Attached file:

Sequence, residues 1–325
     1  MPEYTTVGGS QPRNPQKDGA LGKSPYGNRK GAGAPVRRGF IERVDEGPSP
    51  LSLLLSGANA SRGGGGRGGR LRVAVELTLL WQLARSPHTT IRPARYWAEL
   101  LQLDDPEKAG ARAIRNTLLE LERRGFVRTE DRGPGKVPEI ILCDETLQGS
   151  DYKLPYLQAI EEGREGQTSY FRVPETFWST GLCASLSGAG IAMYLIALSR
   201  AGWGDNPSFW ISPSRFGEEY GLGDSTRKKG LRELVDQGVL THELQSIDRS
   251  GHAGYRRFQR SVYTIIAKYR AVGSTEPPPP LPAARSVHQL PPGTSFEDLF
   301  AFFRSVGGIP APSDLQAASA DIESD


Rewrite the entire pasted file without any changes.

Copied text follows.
Sequence, residues 1–325
     1  MPEYTTVGGS QPRNPQKDGA LGKSPYGNRK GAGAPVRRGF IERVDEGPSP
    51  LSLLLSGANA SRGGGGRGGR LRVAVELTLL WQLARSPHTT IRPARYWAEL
   101  LQLDDPEKAG ARAIRNTLLE LERRGFVRTE DRGPGKVPEI ILCDETLQGS
   151  DYKLPYLQAI EEGREGQTSY FRVPETFWST GLCASLSGAG IAMYLIALSR
   201  AGWGDNPSFW ISPSRFGEEY GLGDSTRKKG LRELVDQGVL THELQSIDRS
   251  GHAGYRRFQR SVYTIIAKYR AVGSTEPPPP LPAARSVHQL PPGTSFEDLF
   301  AFFRSVGGIP APSDLQAASA DIESD